How many social networks do you use today? If you're like most Internet users, you at least have a Facebook and Twitter account. After that, you might also hop onto Google+, Instagram, Vine or Pinterest. If you really want to push your social hipster cred, you might even still rock a MySpace profile. Regardless of your social network allegiances, you all also belong to a social network that you don't even know about.
Over the weekend, The New York Times reported that the NSA had started to build a social network in 2010 that could graph any American's online social connections with the data it collects through its various programs like PRISM. Think of it like Facebook's Open Graph, but it maps a person's connections with other people through their online communications.
So, why does the NSA need a tool like this? It can already snoop on Americans' online activities and emails. According to the report, which came from documents obtained by Edward Snowden, the government did this so it could "conduct large-scale graph analysis on very large sets of communications metadata without having to check foreignness."
Excuse me? Did I just read that right? The NSA, an agency that is required by law to check whether or not a target is a non-U.S. person, uses this system to bypass such a requirement. What's worrisome is that this analysis tool has been available for some time, but it could only be used on foreign communications at first over fears that it may violate Americans' privacy. That fear was thrown out the window in 2010 when the agency started to use the same tool on Americans.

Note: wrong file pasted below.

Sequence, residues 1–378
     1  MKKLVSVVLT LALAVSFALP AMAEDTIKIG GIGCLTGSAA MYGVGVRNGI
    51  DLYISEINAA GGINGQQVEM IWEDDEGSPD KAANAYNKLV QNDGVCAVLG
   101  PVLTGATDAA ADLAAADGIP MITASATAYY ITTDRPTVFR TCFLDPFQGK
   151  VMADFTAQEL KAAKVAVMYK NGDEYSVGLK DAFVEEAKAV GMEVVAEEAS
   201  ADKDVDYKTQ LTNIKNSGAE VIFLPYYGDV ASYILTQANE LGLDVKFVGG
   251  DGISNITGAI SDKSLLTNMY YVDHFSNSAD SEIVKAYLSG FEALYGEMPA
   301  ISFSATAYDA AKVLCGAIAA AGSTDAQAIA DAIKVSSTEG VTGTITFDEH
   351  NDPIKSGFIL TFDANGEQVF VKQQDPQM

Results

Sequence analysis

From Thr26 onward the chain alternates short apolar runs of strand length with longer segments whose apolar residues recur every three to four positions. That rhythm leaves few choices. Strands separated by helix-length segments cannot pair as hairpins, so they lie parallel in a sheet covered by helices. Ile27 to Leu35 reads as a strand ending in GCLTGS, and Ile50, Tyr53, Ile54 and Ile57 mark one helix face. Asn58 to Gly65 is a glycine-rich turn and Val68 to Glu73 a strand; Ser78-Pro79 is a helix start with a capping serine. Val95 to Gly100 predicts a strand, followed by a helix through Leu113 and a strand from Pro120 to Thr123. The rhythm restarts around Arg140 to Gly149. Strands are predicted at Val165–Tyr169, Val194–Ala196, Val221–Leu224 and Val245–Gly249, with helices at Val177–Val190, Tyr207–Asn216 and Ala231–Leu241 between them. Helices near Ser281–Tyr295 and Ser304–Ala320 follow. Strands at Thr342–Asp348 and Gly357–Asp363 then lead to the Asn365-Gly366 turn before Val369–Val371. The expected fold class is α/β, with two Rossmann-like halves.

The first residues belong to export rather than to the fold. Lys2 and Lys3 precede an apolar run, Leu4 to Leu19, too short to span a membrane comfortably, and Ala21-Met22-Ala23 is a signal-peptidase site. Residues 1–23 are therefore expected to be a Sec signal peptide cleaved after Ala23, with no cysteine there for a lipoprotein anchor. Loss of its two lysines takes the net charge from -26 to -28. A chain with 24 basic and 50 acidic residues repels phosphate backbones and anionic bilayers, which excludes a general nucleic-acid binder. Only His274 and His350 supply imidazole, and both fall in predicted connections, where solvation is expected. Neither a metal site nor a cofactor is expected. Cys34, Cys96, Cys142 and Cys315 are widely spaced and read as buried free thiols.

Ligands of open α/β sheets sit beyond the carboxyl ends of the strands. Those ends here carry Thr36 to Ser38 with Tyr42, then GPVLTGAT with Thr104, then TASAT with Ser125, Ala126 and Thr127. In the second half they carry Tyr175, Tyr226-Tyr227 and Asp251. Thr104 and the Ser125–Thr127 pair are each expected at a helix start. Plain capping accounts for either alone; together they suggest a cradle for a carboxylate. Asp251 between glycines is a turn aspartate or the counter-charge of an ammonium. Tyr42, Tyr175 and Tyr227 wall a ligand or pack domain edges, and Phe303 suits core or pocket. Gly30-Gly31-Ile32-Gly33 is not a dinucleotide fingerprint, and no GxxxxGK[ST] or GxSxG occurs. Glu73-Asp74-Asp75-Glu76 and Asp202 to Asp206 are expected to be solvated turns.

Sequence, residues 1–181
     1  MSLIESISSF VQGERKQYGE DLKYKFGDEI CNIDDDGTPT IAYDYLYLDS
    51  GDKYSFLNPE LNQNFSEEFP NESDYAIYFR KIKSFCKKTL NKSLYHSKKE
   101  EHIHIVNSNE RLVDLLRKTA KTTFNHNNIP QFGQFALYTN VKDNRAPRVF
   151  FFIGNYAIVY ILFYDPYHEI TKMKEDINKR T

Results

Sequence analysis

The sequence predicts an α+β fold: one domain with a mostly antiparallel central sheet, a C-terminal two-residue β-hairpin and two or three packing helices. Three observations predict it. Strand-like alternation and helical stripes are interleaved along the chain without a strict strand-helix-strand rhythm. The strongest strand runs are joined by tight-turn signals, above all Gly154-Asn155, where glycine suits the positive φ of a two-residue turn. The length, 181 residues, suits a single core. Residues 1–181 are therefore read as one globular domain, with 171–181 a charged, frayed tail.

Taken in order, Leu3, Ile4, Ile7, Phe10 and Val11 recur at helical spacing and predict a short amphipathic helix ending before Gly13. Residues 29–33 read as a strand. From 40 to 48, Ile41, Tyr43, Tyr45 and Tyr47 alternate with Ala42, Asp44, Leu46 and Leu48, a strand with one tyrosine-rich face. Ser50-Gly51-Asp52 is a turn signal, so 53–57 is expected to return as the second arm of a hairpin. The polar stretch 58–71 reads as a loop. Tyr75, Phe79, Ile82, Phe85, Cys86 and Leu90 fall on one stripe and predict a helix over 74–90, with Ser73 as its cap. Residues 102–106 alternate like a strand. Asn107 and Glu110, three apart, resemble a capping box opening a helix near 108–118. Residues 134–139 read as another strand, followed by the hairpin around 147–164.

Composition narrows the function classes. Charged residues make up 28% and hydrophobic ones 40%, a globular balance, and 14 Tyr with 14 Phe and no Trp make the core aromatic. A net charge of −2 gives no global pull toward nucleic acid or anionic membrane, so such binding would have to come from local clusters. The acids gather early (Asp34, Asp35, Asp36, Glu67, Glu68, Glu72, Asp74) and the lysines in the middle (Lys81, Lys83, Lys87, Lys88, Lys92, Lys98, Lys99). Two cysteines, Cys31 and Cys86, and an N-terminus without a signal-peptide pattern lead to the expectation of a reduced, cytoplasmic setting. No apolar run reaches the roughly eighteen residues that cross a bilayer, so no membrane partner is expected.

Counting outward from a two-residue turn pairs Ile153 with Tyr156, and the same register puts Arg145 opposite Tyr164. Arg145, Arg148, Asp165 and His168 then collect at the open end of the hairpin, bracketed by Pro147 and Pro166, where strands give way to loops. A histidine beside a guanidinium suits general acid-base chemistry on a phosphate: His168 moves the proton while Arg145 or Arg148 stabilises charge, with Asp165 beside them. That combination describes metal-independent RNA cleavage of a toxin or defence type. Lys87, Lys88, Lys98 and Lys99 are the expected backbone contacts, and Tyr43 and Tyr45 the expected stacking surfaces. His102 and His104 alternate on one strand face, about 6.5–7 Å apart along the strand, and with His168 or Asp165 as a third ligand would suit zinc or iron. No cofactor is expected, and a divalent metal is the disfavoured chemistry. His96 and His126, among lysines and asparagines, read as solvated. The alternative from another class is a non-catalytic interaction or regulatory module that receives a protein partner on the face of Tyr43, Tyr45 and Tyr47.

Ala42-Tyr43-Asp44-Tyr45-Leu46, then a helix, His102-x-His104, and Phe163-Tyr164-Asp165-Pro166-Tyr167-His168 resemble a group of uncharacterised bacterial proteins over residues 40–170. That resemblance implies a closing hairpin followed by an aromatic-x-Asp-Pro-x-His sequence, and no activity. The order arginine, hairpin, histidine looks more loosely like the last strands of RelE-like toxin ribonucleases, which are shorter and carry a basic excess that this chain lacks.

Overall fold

Now we know that the NSA is targeting Americans with its social graph tool, but what kind of information is the agency using to build these graphs? According to the leaked documents, the NSA pulls communication data from public and commercial sources alongside information like bank codes, insurance information, Facebook profiles, passenger manifests, voter registration rolls and GPS location information. It even pulls from property records and tax data to create a massive web of your personal and probably not so personal connections.
A leaked slide, courtesy of The New York Times, shows what that web looks like:
Like with every other revelation, the NSA was given the chance to explain itself. In this case, a spokesperson for the agency said that "all data queries must include a foreign intelligence justification, period." That's all well and good, but as Techdirt's Mike Masnick points out, the NSA's use of the word "justification" gives them broad permissions to spy on Americans. In other words, it doesn't need a concrete foreign target to spy on Americans anymore. It just needs to have a hunch.
I don't know about you, but a hunch doesn't exactly sound like a solid enough justification to me. Even so, that's not going to stop the agency. What can stop it are the numerous pieces of legislation moving through Washington, but who knows when or if those bills are going to get off the ground.